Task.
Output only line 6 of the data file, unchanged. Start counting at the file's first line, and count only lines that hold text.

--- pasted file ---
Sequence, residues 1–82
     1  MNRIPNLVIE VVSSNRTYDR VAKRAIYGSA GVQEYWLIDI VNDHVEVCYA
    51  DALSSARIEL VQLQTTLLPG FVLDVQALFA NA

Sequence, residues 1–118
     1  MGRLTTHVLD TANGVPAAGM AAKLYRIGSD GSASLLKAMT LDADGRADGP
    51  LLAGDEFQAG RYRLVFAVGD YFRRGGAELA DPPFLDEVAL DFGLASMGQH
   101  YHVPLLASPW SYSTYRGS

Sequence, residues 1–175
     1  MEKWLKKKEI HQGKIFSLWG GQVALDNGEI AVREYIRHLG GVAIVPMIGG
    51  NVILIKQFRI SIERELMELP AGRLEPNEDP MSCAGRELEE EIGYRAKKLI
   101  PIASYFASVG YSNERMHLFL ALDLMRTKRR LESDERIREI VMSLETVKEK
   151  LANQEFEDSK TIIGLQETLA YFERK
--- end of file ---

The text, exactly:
    51  LLAGDEFQAG RYRLVFAVGD YFRRGGAELA DPPFLDEVAL DFGLASMGQH